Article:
Backers of the robo advisor model are catering to younger, middle-income and self-directed investors who are left unserved by the RIAs sector.
So is the federal government.
On Tuesday, Treasury Secretary Jacob Lew announced that the administration's "myRA" retirement plan will be available nationwide, with an expanded menu of funding options.
The myRA plan, which President Obama unveiled in his State of the Union address last January, aims to encourage people to take the first step toward planning for retirement through modest contributions to a secure Roth IRA that carries no fees or minimum balances.
"We have been very clear that this is a start and not a finish," Lew told reporters on a conference call. "One thing we know is when people start saving there's a good chance they'll continue, and the challenge is to get started in the first place, to create a habit of saving."
With the robo model, a growing number of startup tech firms and established players alike are trying to deliver light-touch advisory services to investors who might not meet the minimum requirements for a traditional RIA account, but who, collectively, account for trillions of dollars in investable assets.
The digital advice market in fact is expected to grow to nearly $500 billion in the next four years, according to a new report from Cerulli Associates.
The government is targeting a similar cohort with the myRA initiative, billing the program as an attractive option for workers who don't have access to a 401(k) account through their employer, and might be deterred by fees or minimum balance or contribution requirements that come with many private retirement savings vehicles.
Indeed, the no-fee, no-minimum balance features proved the most popular aspects of the program during the myRA's trial phase, according to Treasury officials.
During that pilot program, the Treasury Department worked with a select group of employers to make contributions to the government retirement plan available through the company's direct-deposit program.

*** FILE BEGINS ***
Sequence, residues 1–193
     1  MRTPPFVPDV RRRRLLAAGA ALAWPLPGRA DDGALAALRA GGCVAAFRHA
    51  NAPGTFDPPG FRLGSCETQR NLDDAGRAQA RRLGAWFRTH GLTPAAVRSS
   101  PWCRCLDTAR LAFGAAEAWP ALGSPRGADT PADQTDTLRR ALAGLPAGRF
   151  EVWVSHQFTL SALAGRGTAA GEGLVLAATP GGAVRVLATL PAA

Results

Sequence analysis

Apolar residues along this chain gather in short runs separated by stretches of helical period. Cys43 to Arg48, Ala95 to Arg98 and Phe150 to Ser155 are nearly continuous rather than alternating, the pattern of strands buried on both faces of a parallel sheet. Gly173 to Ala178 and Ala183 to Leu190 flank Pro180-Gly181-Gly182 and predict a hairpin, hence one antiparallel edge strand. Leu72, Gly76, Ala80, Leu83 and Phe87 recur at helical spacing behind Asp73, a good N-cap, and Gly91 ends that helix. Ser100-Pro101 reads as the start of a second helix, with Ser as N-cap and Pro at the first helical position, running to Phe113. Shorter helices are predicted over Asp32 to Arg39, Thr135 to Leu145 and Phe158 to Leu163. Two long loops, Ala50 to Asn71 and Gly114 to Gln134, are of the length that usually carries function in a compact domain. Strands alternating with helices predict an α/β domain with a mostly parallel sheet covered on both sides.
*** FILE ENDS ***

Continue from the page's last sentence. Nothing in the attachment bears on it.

Now, with the nationwide rollout, the DoT is also allowing savers to fund their myRA account directly through their checking or savings account, or by contributing all or a portion of their federal tax refund.
The Treasury Department bills the myRA program as a no-risk investment option, with contributions invested in U.S. Treasury savings bonds that earn the same interest rates as the Government Securities Fund set up for federal employees. That fund netted an average annual return of 3.19% over the last 10 years, and around 2% last year, well over the near-zero rates that retail checking and savings accounts typically offer, Lew notes.
The myRA program follows the same eligibility requirements and annual contribution limits as other Roth IRAs, but has a maximum balance of $15,000. But Lew explains that the program is intended only as a start, designed to spur people to begin saving initially before moving on to a more traditional retirement account available through the private sector.
"We would never argue that $15,000 is adequate retirement savings, but you've got to go from zero to $15,000 before you can really get into the habit," Lew says. "Getting people started, getting people into the habit is the kind of change in behavior that leads to the build-up of a more significant retirement cushion."
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